Swan Lake Fire Update
A recent news article states that the swan lake fire is only 5% contained. The thorn creek fire, northwest of Thompson Falls, is also 5% contained, but continues to burn in slash and timber. In addition to the swan lake fire, another large wildfire near Thompson Falls is currently burning 17,685 acres. There is no word yet on the cause of these two large fires, but the US Forest Service and the USDA Forest Service are both investigating the situation.
swan lake fire is 5% contained
As of Monday, the Swan Lake Fire is still only 5% contained. The fire has burned over 70,000 acres and is spread through black spruce. Because of winds, the fire has reached within two miles of Sterling Highway. Efforts to halt its progression toward the city have been made by fire crews, but delays are expected. It is still necessary to leave plenty of space between your home and the fire line.
The United States Fish and Wildlife Service and USDA Forest Service have been leading efforts to contain the fire. Other agencies helping firefighters and assessing the threat are the Kenai Peninsula Borough, Cooper Landing Volunteer Fire Department, Alaska State Troopers, and the Department of Fish and Game. Fire officials have released video reports of progress made by firefighters. Meanwhile, the Fire Information Center offers daily updates on the fire. The fire’s containment level will be determined by the end of this week.
The fire started on June 5, 2019 in the federal Kenai National Wildlife Refuge. It was under a fire management plan soon after ignition. It was designed to protect values at risk but also to allow it to spread naturally in areas that would not be at risk. It was only five percent contained as of this writing. The fire is still affecting homes, infrastructure, and moose research centers. But it’s still a significant fire that threatens more than 160 square miles.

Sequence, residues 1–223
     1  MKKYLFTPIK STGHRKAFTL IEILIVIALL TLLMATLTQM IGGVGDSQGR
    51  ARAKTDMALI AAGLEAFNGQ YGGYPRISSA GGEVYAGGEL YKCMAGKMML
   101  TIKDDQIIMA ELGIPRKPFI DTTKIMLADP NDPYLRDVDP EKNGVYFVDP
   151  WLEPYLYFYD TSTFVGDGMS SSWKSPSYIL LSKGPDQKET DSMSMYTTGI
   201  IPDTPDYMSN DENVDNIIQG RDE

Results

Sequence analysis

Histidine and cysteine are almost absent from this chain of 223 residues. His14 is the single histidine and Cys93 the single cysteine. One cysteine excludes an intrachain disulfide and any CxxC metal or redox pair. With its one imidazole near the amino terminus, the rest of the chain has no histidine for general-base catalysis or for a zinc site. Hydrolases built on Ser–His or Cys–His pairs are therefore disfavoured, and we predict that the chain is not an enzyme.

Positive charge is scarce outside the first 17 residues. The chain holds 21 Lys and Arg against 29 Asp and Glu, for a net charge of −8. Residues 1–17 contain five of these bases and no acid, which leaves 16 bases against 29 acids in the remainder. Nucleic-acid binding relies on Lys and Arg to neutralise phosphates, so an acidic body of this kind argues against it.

The fire is still spreading through the forest, but the fire has been slowed by a firefighting operation. During the night, fire crews were able to identify a small area that had been burned overnight. It then quickly spread through wood chips and beetle kill timber. On Sunday, a half-acre burn also occurred in Nikiski. The fire has been 5% contained as of Tuesday afternoon. On Wednesday, firefighters also squelched a fire in the town of Surprise Creek. The fire has crossed the Resurrection Pass trail.
thorn creek fire northwest of Thompson Falls is estimated at 17,685 acres
The Thorne Creek fire, about five miles north of Thompson Falls, is now at least 15 percent contained, with an evacuation order in effect for residents in the area. The fire began after lightning struck nearby, and is now estimated to be at least 17,685 acres in size. As of Tuesday morning, firefighters have put out about 2,000 acres. They are missing some key resources and personnel that are needed to put out the blaze.